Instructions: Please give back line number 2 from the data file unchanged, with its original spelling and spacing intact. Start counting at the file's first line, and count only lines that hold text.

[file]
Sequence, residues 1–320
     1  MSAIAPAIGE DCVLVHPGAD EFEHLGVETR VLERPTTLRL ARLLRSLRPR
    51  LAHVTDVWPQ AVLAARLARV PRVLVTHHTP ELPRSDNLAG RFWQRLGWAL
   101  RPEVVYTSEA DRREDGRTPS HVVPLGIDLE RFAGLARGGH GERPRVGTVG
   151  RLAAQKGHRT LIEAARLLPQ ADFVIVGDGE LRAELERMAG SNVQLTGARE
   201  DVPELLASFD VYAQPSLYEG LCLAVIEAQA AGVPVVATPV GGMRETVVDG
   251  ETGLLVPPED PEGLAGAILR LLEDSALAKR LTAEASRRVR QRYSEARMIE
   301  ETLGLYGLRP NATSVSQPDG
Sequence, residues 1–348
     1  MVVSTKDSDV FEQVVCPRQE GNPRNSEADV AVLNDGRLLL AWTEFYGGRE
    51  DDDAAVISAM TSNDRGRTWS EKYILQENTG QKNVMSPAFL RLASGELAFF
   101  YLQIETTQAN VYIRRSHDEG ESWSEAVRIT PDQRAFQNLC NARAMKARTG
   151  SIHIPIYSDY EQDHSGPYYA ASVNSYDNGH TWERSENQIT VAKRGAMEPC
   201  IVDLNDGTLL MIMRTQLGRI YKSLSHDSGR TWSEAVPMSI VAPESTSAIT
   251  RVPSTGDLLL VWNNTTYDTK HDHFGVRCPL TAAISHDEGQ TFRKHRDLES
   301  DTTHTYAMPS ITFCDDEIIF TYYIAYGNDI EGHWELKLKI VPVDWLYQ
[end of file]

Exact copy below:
     1  MSAIAPAIGE DCVLVHPGAD EFEHLGVETR VLERPTTLRL ARLLRSLRPR